Are You Having One Night Stands, With Your Clothing?

 Image Source: Zara

Image Source: Zara

One is the loneliest number. Or so they say. So how did wearing clothes just once gain such a cool-factor? We were shocked that in a recent study of 1500 women over the age of 16, 33% of women considered their clothes ‘old’ after wearing them less than three times! Shouldn't we want to shop for versatile staple pieces and instead of having many one time use, special occasion outfits?

Yes, we've all done it. We've been allured by that $10 skin tight dress that is the perfect piece for the next it party...and then we wear it to that party and realize what a ridiculously uncomfortable and gaudy purchase it was. After all, we need the freedom to dance! Even when that dress gets its fifteen minutes of fame, and gains you a handful of compliments, imagine, hypothetically, how that poor dress must feel. It's been teased - brought into the spotlight and then shortly after tossed into the back of your closet never to see the light of day again. 

Though this dress situation may seem a little dramatic, how far off is it? I've been guilty of buying things because they were ‘unique’ and cheap. I thought the price meant that if I only wore them a few times, I would get my moneys worth. At least until I realized that the low price meant that corners were being cut elsewhere. Since I stopped shopping at fast fashion brands, began researching and investing in clothes, thrifting, and upcycling, I've found that my connection to my clothes has been more of a relationship than a one night stand. I buy less, but with intention, spend more time caring for my clothes, and think hard about how each piece fits into my wardrobe.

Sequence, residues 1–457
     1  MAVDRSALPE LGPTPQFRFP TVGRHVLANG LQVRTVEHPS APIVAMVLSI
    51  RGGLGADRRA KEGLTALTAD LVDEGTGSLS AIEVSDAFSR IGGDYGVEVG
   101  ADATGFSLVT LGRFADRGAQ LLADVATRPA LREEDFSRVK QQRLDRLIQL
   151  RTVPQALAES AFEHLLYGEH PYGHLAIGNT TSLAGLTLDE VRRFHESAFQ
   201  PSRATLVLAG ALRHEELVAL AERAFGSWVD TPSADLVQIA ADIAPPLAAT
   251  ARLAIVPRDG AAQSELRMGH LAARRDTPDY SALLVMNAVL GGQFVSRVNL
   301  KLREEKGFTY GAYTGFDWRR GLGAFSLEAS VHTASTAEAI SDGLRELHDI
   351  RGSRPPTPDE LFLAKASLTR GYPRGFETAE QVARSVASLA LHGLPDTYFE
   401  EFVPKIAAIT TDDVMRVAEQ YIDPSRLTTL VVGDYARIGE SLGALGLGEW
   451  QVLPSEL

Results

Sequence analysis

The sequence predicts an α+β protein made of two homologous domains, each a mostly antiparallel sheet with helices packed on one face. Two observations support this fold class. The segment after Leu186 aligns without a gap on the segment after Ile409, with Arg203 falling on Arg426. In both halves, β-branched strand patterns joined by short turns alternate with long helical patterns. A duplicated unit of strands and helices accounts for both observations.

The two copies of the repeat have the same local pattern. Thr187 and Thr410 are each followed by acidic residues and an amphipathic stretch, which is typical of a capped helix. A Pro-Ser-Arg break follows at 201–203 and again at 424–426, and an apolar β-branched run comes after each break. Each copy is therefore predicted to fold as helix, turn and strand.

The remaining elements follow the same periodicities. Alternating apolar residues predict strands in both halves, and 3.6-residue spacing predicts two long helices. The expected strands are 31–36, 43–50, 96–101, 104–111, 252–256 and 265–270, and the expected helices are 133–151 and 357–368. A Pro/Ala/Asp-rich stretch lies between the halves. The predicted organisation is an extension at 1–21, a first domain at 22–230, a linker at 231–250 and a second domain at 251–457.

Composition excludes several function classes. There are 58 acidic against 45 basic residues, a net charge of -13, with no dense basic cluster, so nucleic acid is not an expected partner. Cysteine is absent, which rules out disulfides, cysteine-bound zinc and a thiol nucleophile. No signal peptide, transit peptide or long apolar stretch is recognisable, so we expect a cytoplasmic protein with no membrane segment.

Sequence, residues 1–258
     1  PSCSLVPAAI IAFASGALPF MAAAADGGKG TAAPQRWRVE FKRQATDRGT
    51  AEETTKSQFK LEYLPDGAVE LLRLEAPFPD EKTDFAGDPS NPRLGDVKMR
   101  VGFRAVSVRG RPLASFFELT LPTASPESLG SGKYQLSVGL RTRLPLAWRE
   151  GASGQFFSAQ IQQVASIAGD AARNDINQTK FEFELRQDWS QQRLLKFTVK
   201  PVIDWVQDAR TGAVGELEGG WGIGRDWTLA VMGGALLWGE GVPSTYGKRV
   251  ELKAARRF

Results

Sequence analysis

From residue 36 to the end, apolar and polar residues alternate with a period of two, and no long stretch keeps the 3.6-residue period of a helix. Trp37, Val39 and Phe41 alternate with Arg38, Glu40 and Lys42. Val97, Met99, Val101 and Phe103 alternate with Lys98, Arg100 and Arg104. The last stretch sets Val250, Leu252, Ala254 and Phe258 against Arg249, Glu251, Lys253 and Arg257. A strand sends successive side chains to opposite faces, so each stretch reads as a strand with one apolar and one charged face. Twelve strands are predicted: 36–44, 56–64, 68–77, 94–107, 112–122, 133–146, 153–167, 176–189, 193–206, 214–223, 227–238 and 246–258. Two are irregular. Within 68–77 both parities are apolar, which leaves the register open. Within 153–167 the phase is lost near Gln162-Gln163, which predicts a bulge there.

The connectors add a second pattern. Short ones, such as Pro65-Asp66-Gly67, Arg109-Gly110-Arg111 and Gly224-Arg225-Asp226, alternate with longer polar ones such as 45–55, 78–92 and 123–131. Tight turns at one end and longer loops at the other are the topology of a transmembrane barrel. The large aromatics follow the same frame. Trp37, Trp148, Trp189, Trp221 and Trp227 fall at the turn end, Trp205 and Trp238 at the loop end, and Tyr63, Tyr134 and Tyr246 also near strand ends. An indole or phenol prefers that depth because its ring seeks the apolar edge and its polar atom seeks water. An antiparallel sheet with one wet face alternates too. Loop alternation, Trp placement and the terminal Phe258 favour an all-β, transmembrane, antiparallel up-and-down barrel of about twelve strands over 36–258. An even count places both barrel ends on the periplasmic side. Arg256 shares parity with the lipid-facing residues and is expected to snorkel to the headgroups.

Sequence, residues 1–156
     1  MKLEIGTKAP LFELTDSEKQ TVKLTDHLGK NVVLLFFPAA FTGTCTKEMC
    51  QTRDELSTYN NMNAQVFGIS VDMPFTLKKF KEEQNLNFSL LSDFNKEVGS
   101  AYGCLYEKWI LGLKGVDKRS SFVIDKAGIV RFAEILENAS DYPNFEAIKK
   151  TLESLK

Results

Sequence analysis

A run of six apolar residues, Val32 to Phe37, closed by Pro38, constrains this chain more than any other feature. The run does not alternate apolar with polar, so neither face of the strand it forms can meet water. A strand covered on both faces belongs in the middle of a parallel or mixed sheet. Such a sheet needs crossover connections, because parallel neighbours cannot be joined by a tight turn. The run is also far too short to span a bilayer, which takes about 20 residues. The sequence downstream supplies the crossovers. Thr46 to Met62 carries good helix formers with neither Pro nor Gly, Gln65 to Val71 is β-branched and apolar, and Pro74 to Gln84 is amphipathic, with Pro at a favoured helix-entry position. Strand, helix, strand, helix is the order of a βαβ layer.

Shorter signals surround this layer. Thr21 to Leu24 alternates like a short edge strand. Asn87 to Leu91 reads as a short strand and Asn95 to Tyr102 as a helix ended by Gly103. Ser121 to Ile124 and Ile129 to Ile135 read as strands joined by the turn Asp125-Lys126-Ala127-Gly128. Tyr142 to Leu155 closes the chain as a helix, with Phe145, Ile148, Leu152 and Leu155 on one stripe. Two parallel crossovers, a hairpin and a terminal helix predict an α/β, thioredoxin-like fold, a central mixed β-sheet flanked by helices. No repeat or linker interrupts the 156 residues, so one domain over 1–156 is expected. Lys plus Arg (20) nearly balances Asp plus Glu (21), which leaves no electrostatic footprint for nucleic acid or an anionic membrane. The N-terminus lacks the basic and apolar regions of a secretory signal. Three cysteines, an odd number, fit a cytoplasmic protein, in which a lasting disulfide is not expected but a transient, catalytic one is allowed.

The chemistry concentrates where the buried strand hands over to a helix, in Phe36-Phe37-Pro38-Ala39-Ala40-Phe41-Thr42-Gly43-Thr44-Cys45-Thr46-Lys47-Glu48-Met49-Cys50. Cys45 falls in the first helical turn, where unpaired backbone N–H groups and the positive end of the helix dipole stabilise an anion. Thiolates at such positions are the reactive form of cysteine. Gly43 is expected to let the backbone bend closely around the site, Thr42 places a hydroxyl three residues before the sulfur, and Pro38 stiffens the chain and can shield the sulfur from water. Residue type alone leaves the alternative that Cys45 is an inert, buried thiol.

This relationship mirrors designer and sustainable fashion maven Orsola de Castro’s assertion that “the concept of wearing something just once is sad. It indicates lack of style, confidence, and it misses the point of what fashion is about…nothing beats a trusted old something, restyled to look fresh.”

With this in mind, the Telegraph team put together a five point list to help you avoid impulse buying. If you have any more suggestions, be sure to share them with us!

-       Ask for the item to be put on hold for 24 hours.

-       Avoid situations that prompt a panic purchase like last minute sales and pay day.

-       Make a mental list of the items in your wardrobe you can mix and match a new piece with.

-       Shop for the person you are, not the person you imagine you are.

-       Inquire about return policies and keep your receipt.

Moral of the Story: One time wears may be trendy, but true style is about creatively building a conscious wardrobe. 

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